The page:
Computing the expectation value of \langle x^4 \rangle for the 1-dimensional particle-in-a-box

5.24. Computing the expectation value of \(\langle x^4 \rangle\) for the 1-dimensional particle-in-a-box

5.24.1. Here is an example of calculating \(\langle x \rangle\) and \(\langle x^2 \rangle\) for the 1-dimensional particle-in-a-box.

The average position is expected to be

\[ \langle x \rangle =\tfrac{a}{2} \]

We can confirm this by explicit integration,

\[\begin{split} \begin{align} \langle x \rangle &= \int_0^a \psi_n^*(x)\, x \,\psi_n(x) dx \\ &= \int_0^a \left(\sqrt{\tfrac{2}{a}} \sin\left(\tfrac{n \pi x}{a} \right)\right) x \left(\sqrt{\tfrac{2}{a}}\sin\left(\tfrac{n \pi x}{a} \right)\right) dx \\ &= \tfrac{2}{a} \int_0^a x \sin^2\left(\tfrac{n \pi x}{a} \right) dx \\ &= \tfrac{2}{a} \left[ \tfrac{x^2}{4} - x \tfrac{\sin \tfrac{2n \pi x}{a}}{\tfrac{4 n \pi}{a}} - \tfrac{\cos \tfrac{2n \pi x}{a}}{\tfrac{8 n^2 \pi^2}{a^2}} \right]_0^a \\ &= \tfrac{2}{a} \left[ \tfrac{a^2}{4} - 0 - 0 \right] \\ &= \tfrac{a}{2} \end{align} \end{split}\]

Similarly, we expect that the expectation value of \(\langle x^2 \rangle\) will be proportional to \(a^2\). We can confirm this by explicit integration,

\[\begin{split} \begin{align} \langle x^2 \rangle &= \int_0^a \psi_n^*(x)\, x^2 \,\psi_n(x) dx \\ &= \int_0^a \left(\sqrt{\tfrac{2}{a}} \sin\left(\tfrac{n \pi x}{a} \right)\right) x^2 \left(\sqrt{\tfrac{2}{a}}\sin\left(\tfrac{n \pi x}{a} \right)\right) dx \\ &= \tfrac{2}{a} \int_0^a x^2 \sin^2\left(\tfrac{n \pi x}{a} \right) dx \\ &= \tfrac{2}{a} \left[ \tfrac{x^3}{6} - x^2 \tfrac{\sin \tfrac{2n \pi x}{a}}{\tfrac{4 n \pi}{a}} - x \tfrac{\cos \tfrac{2n \pi x}{a}}{\tfrac{4 n^2 \pi^2}{a^2}} - \tfrac{\sin \tfrac{2n \pi x}{a}}{\tfrac{8 n^3 \pi^3}{a^3}} \right]_0^a \\ &= \tfrac{2}{a} \left[ \tfrac{a^3}{6} - 0 - \tfrac{a}{{\tfrac{4 n^2 \pi^2}{a^2}}} - 0 \right] \\ &= \tfrac{2}{a} \left[ \tfrac{a^3}{6} - \tfrac{a^3}{4 n^2 \pi^2} \right] \\ &= a^2\left[ \tfrac{1}{3} - \tfrac{1}{2 n^2 \pi^2} \right] \end{align} \end{split}\]

5.24.2. Task:

Use the above example to calculate \(\langle x^4 \rangle\). You can follow next steps:

  1. Complete the compute_wavefunction function by coding the expression for calculating the wavefunction. Don’t forget the normalization constant. Also, take into account that \(x\) values could be negative and greater than \(a\), and that \(x\) values could be a simple real number (a float) or a list of numbers (a numpy.ndarray).

  2. Using the compute_wavefunction function, complete the compute_probability function.

  3. Fill the gaps in compute_moments function; this is especially easy if you use the compute_probability function.

  4. Complete the function check_moment.

  5. Now you are ready to calculate the average. Use the quad function for numerical integration and complete the calc_average function.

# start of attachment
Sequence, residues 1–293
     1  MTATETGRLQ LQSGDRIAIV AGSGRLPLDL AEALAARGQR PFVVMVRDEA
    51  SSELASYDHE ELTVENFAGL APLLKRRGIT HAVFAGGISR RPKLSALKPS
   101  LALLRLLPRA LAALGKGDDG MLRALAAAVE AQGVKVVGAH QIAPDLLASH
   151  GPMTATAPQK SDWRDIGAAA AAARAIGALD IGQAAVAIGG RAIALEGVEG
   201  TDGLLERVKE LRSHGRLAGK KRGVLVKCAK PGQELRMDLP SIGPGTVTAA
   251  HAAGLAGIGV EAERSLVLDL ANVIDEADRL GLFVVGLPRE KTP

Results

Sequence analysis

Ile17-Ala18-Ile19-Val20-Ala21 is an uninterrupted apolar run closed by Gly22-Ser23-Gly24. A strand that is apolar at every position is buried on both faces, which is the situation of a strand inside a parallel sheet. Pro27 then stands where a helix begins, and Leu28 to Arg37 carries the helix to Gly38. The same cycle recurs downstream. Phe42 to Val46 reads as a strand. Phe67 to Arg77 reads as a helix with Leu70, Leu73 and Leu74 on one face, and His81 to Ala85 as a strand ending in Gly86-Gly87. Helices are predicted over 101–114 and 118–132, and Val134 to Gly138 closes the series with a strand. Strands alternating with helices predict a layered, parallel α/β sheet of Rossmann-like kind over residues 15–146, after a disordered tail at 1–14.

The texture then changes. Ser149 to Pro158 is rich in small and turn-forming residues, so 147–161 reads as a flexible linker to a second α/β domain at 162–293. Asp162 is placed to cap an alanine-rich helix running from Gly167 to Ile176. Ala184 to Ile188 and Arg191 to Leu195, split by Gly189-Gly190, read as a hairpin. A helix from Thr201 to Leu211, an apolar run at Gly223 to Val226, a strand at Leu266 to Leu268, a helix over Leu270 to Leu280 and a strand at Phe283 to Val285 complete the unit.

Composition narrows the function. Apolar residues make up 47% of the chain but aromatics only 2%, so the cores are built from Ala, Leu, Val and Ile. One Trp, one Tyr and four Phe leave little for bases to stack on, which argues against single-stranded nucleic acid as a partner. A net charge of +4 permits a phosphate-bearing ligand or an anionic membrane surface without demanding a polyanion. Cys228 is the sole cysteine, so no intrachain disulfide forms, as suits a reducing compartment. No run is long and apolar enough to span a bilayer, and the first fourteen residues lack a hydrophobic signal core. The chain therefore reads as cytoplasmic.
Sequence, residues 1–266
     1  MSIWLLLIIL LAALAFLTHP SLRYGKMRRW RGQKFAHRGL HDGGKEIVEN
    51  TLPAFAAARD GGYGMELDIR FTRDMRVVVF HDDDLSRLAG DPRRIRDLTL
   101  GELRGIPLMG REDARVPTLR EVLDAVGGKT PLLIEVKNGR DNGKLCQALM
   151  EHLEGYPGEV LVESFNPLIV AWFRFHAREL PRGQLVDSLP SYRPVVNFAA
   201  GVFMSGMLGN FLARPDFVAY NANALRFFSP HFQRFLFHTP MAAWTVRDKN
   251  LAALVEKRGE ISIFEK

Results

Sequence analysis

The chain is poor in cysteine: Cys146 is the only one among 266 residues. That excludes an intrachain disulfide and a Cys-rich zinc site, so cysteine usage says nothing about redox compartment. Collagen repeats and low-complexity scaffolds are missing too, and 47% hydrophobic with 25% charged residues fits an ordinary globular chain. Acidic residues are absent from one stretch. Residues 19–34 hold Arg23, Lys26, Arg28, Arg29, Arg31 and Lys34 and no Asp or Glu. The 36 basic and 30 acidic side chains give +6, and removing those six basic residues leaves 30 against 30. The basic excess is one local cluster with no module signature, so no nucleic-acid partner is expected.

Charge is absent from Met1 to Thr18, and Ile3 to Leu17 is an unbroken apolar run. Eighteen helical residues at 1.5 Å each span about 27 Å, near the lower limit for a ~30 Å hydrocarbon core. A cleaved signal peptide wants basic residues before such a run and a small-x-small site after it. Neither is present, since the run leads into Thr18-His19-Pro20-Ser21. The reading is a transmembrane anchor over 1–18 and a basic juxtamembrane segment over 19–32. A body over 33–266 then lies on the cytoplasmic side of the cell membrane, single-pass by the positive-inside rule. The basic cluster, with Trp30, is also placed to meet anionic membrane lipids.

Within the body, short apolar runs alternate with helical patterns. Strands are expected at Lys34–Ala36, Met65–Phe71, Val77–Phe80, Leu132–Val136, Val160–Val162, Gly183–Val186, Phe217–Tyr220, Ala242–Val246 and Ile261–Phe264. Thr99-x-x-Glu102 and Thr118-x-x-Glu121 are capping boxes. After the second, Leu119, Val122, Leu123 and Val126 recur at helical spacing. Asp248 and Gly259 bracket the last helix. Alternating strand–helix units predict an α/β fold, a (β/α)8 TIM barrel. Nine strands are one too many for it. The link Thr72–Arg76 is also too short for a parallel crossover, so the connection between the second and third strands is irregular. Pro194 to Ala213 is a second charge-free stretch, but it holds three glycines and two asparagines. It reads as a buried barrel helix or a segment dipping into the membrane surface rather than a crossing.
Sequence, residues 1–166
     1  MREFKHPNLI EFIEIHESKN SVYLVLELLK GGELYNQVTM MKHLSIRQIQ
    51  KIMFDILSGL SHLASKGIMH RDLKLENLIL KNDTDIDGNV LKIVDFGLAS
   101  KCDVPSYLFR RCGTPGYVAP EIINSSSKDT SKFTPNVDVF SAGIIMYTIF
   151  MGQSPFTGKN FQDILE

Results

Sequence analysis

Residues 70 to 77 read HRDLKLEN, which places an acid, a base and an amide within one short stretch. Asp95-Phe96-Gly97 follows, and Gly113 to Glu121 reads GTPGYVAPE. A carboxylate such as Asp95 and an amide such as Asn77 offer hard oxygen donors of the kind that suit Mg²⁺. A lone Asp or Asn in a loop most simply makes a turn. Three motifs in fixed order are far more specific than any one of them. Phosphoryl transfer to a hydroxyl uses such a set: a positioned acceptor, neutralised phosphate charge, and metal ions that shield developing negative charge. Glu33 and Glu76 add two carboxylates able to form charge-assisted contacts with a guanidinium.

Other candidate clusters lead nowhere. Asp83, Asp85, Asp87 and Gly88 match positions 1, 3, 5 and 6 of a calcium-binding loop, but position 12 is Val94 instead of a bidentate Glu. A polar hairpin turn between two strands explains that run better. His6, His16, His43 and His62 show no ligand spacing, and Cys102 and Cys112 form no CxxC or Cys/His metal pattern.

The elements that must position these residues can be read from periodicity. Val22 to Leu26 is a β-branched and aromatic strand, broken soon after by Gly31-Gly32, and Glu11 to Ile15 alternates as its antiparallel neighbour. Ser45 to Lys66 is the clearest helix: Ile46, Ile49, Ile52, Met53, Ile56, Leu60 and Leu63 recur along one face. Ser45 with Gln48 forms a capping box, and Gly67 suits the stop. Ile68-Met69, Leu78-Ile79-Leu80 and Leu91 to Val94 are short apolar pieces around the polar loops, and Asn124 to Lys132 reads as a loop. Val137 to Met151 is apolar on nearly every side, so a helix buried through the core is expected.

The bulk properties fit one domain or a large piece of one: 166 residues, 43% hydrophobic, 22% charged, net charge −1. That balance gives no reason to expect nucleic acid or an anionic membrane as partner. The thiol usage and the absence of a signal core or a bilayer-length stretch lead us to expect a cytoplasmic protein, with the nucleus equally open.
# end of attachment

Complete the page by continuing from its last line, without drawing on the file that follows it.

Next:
6. Use your functions to calculate the \(\langle x^2 \rangle\) and compare it with the analytic value. We encourage you to play with different values of \(n\) and \(a\).

  7. Submit your notebook as described at the first tutorial.

import numpy as np
from scipy.integrate import quad



# Define a function for the wavefunction
def compute_wavefunction(x, n, a):
    """Compute 1-dimensional particle-in-a-box wave-function value(s).
    
    Parameters
    ----------
    x: float or np.ndarray
        Position of the particle.
    n: int
        Quantum number value.
    a: float 
        Length of the box.
    """
    # check argument n
    if not (isinstance(n, int) and n > 0):
        raise ValueError("Argument n should be a positive integer.")
    # check argument a
    if a <= 0.0:
        raise ValueError("Argument a should be positive.")
    # check argument x
    if not (isinstance(x, float) or hasattr(x, "__iter__")):
        raise ValueError("Argument x should be a float or an array!")
        
    # compute wave-function
    
    ### START YOU CODE HERE
    value = np.sqrt(2/a)*np.sin(np.pi*x*n/a)
    ### END YOUR CODE HERE
    

    # set wave-function values out of the box equal to zero
    
    ### START YOU CODE HERE
    if hasattr(x, "__iter__"):
      value[np.logigal_or(x>a, x<0)] = 0
    elif x<0 or x>a:
      value = 0
    
    ### END YOUR CODE HERE
    return value



# Define a function for the wavefunction squared
def compute_probability(x, n, a):
    """Compute 1-dimensional particle-in-a-box probablity value(s).
    
    See `compute_wavefunction` parameters.
    """
    ### START YOUR CODE HERE
    probability = compute_wavefunction(x, n, a)**2
    ### END YOUR CODE HERE
    return probability



def compute_moment(x, n, a, power):
    """Compute the x^power moment of the 1-dimensional particle-in-a-box.
    
    See `compute_wavefunction` parameters.
    """
    return compute_probability(x, n, a)*x**power



#Compute <x^power>, the expectation value of x^power
def calc_average(n, a, power):
    """
    Compute the average value by explicit integrating 
    """
    
    ### START YOUR CODE HERE
    avg, error = quad(compute_moment, 0, a, args=(n, a, power))
    ### END YOUR CODE HERE
    
    return avg


#This next bit of code just prints out the values.
def check_moments(n, a):
    #check the computed values of the moments against the analytic formula
    
    ### START YOUR CODE HERE
    power = 2
    avg_r2 = calc_average(n, a, power)
    ### END YOUR CODE HERE
    
    print(f"<r^2> computed = {avg_r2:.5f}")
    print(f"<r^2> analytic = {a**2*(1/3 - 1./(2*n**2*np.pi**2))}")

    
#Principle quantum number:
n = 1

#Box length:
a = 1

check_moments(a, n)
<r^2> computed = 0.28267
<r^2> analytic = 0.2826727415121644